Objective To examine incidence rates and trends of childhood Type 1 diabetes in Yorkshire from 1978 to 2007.
Methods Data from the population-based Yorkshire Register of Diabetes in Children and Young People was used to analyse the incidence of Type 1 diabetes in children aged <15 years diagnosed in the former Yorkshire Regional Health Authority. Incidence rates (per 100 000 per year) were estimated using mid-year population estimates stratified by sex, age and ethnicity: south Asian (Indian, Pakistani, Bangladeshi) or non-south Asian (all other ethnicities). Ethnicity was assigned using two name recognition programs (Nam Pehchan and SANGRA) and a local expert. Age-sex standardised rates were calculated between 1978 and 2007 and by ethnic-group between 1990 and 2007. Poisson regression was used to assess incidence trends and estimate predicted rates up to 2020. Goodness-of-fit, AIC and likelihood-ratio tests were used to assess model fit.
Results 3896 children were diagnosed in Yorkshire between 1978 and 2007. Overall incidence was 18.1 (95% CI 17.5 to to 18.6), increasing from 13.3 (1978 to 1987) to 16.9 (1988 to 1997) to 24.1 (1998 to 2007). Incidence increased significantly over time: average annual percentage change (AAPC) was 2.8% (1.8 to 3.8). The inclusion of an age-sex interaction term provided evidence for differences in trends between sexes depending on age, with females having higher incidence and AAPC than males for those aged 5–9.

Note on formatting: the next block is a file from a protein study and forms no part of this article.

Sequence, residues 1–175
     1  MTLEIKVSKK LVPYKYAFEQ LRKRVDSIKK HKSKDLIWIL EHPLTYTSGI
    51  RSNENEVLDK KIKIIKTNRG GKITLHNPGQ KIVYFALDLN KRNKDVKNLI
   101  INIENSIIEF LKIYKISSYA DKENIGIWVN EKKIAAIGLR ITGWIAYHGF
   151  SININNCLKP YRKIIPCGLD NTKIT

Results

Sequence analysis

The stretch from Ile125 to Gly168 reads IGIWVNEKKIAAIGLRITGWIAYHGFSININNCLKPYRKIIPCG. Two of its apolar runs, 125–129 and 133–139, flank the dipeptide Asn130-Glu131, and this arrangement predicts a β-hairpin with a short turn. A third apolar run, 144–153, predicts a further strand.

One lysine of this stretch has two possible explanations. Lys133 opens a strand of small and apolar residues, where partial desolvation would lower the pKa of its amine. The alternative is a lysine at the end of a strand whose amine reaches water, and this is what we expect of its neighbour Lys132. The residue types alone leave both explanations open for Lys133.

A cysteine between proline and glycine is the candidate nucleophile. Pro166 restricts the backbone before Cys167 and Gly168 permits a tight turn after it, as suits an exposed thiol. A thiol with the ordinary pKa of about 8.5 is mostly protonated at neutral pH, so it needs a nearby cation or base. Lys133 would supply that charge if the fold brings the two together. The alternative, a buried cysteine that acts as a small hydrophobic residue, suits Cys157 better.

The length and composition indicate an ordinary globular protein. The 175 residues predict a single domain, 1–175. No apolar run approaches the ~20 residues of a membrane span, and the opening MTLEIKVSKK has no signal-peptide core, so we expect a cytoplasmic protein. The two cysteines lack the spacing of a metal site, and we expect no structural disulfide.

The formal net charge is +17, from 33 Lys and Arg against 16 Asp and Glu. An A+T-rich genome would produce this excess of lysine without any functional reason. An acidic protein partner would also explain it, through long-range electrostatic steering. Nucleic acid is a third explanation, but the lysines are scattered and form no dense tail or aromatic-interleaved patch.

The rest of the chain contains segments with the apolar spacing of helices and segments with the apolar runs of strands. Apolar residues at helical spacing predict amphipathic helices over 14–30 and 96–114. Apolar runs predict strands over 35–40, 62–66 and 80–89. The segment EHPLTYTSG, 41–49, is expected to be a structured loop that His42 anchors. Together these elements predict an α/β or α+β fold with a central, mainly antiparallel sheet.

Overall incidence for non-south Asians (21.4; 20.6 to 22.3) was significantly higher than that of south Asians (14.6; 12.3 to 17.0) over the entire study period. A significant increasing trend in incidence was observed for non-south Asians of 3.3% (1.3 to 5.2) compared to a non-significant trend seen in south Asians (1.9%; –0.4 to 4.3). Overall forecasted incidence for 2020 is 38.3 per 100 000.
Conclusions Type 1 diabetes incidence rates have risen almost uniformly for non-south Asians of all ages but not for south Asians, contrary to findings in the Bradford area of Yorkshire between 1978 and 1998. Overall incidence increased most quickly in the 5–9 age-group. Incidence doubled from 12.5 to 25.2 between 1978 and 2007. If current trends continue, rates will rise by 52% to 38.3 between 2007 and 2020.
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